The Notion of Nation


From top: Catalan independence protest in Barcelona; Dan Boyle

The brutal response of the Spanish Government to the Catalan referendum, like that of the British to the Irish rising of 1916, is likely to help confirm a critical mass in favour of independence, where none may previously have existed.

A similar exercise is about to take place in Kurdish Iraq. It is being condemned in advance by those who consider themselves to be ‘elite’ nations, who see what seems a natural expression of nationhood, as a likely destablising factor in the region.

What defines a nation? Territorial integrity? A dominant language? A dominant religion?

Each and all of these factors have been cited as justifying new nations asserting themselves, even when dominance of belief or language are often the most destabilising of factors.

One of the decisions I was not happy with, while the Greens were in government, was the decision (at the behest of Germany) to recognise, so quickly, the independence of Kosovo.

There were many other options that could have been and should have been considered at the time. Kosovo could have become an international protectorate. The role of Albania (Kosovars being ethnic Albanians) should also have been explored further.

Establishing new nations, particularly the defining of citizenship, has been a fraught process in several countries.

Lativia and Estonia are countries whose independence, in its current form, has existed for little more than twenty five years. Both countries continue to struggle with large Russian minorities within their boundaries. Their second class citizenship, and laws passed against the Russian language, may yet provide a pretext for Russia to invade the Baltics.

Nation building isn’t simple nor is it easy. The 1960s film ‘What’s Up Tiger Lily‘, (a Japanese film dubbed into English with dialogue by Woody Allen) pointed to a more interesting approach. In the movie a character introduces himself as the representative of “a non existent but likely sounding country” who were next on the list for a place on the map, once an opening became available!

On Catalonia I find myself in agreement with the Sinn Féin representatives there, while also being somewhat jealous of their being able to witness history first hand.

Where we probably would diverge, is how we would view the ironic context of people who live in a north eastern territory of a wider national concept.

It would never happen here, of course.

Dan Boyle is a former Green Party TD and Senator. His column appears here every Thursday. Follow Dan on Twitter: @sendboyle

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24 thoughts on “The Notion of Nation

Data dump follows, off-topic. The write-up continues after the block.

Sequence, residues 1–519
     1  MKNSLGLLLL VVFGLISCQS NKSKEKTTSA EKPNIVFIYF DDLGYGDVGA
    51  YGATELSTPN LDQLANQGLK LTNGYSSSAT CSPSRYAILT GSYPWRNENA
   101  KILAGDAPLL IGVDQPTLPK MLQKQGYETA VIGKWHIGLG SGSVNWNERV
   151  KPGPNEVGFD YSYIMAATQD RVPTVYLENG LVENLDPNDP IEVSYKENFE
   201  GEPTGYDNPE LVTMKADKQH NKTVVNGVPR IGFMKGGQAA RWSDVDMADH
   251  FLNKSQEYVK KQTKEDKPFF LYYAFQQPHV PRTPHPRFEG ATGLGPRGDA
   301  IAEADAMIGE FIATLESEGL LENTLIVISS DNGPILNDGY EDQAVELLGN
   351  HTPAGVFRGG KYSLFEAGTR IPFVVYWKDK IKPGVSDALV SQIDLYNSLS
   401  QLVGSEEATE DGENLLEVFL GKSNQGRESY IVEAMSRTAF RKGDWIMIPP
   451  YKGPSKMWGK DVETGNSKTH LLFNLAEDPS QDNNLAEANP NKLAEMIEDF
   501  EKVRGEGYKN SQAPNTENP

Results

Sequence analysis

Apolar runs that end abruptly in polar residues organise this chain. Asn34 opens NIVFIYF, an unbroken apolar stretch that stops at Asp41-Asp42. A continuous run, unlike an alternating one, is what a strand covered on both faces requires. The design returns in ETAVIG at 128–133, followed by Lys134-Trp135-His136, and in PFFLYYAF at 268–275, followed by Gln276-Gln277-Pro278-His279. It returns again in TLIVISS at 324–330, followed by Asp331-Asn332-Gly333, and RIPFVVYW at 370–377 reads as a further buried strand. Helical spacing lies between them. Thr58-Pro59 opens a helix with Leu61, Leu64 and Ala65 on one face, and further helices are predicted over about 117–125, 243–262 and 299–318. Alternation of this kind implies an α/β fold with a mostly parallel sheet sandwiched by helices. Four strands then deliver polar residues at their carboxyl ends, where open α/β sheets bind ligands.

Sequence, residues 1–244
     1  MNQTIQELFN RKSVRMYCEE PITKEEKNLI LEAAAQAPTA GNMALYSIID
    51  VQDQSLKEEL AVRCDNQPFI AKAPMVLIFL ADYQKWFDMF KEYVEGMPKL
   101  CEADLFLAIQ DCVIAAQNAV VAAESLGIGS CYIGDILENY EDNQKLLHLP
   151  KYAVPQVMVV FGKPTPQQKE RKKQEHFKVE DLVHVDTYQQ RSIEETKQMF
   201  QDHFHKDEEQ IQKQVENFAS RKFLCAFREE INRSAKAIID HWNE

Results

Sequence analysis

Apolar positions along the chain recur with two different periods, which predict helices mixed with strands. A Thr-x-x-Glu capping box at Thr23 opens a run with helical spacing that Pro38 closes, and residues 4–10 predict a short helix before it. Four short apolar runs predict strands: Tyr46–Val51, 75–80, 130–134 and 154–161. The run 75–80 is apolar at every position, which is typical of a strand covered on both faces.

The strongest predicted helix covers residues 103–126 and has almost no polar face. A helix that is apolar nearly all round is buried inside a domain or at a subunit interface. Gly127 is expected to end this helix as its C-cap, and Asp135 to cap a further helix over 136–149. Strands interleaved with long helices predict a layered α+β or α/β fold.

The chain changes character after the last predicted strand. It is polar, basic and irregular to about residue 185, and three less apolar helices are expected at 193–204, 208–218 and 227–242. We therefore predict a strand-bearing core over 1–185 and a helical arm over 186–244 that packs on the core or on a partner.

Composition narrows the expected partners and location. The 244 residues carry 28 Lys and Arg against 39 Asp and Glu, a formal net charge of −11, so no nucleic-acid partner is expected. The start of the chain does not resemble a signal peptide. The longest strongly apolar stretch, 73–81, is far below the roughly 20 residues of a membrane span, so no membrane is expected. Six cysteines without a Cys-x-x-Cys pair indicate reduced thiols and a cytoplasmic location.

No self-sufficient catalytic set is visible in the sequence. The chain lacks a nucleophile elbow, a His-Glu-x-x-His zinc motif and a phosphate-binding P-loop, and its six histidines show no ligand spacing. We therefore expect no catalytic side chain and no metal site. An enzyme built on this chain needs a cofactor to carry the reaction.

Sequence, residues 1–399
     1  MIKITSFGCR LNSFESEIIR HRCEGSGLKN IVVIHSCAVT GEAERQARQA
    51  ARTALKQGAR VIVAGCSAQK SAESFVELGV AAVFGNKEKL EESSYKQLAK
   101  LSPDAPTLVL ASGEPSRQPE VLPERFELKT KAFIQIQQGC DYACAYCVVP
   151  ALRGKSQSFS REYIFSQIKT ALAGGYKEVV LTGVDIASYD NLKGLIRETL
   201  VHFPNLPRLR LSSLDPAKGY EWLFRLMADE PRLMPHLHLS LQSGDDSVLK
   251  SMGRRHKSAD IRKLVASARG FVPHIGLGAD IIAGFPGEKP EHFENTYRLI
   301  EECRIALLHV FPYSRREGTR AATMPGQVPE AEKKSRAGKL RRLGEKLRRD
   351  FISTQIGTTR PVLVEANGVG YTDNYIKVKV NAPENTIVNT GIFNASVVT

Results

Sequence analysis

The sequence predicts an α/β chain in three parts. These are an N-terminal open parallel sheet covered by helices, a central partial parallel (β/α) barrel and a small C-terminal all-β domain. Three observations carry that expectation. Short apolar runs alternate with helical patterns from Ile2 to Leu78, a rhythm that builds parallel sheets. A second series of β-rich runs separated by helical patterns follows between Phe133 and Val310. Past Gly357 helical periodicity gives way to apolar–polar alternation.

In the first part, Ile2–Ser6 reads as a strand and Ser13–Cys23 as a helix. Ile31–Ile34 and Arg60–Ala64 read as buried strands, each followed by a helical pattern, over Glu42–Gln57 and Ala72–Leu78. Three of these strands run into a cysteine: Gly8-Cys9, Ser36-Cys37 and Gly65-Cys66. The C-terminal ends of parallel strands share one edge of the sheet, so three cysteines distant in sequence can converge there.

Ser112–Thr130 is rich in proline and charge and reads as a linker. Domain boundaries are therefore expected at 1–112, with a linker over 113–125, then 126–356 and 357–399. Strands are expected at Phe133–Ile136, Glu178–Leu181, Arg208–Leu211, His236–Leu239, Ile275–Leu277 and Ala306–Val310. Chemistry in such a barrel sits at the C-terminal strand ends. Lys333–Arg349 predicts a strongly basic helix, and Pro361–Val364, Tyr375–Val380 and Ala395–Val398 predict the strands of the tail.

1. bisted

    ‘…may yet provide a pretext for Russia to invade the Baltics.’ …evidently some eyes in Cork are still firmly fixed on Russia…

  2. Brother Barnabas

    In a lot of respects, the federal nature of State as a state could have or should have facilitated Catalunya’s ambitions – not quite a nation-state but a nation-autonomous region. Subtle difference but I often got sense that Catalans’ desire for independence was as much about not wanting to be part of Spain as wanting to be their own country. There’s a sneering antipathy throughout Spain for Catalunya – and everyone’s aware of it. Even left-leaning liberal Spaniards I know, who go with every right-on cause going, change their demeanour when Catalunya is mentioned. There’s footage doing the rounds of crowds cheering the Guardia Civil as they headed off from their Andalucian bases last week for Catalunya – with chants urging the police to give the Catalans the bearing they deserve []. In my personal experience, this is representative of how the rest of Spain feels. It makes sense in every way except for economics to let them go.

    1. digs

      Catalunya already enjoys a kind of quasi notion of state. In terms of language, territory, politics of identity, a high level of autonomous governance and an their own judiciary. In many ways, as well as seeing themselves as separate from Spain, so too does the wider world.
      The economic exception you mention is the most puissant, as well as perhaps the most binding. It is
      disingenuous for many observers, but yet utterly predictable, to suggest or apply the narrative of some kind of cultural oppression. It is not an oppressed territory, despite the recent policing approach.
      Catalunya makes up about 20% of the Spanish economy and some have argued that it could go it alone, but the legal ramifications in terms of European membership would be difficult for the region, with no guarantees or certainty. The knock on effect on trade could make the region implode.
      Not just in Ireland, but indeed all over Europe we were aghast and disgusted at Brexit. We’ve seen what a mess that is turning out to be for everyone involved, but we don’t skoff at Catalunya like we do at our nearest neighbors. Save for a some fantasists, not least the SNP, we all realzsed the Scots were committing economic suicide by wanting to exit the UK. There are also parallels with our own country. I’m sure most rational and pragmatic people on this island realize that we simply can’t afford the 6 counties. Romantically it resonates, but it makes little sense outside of that.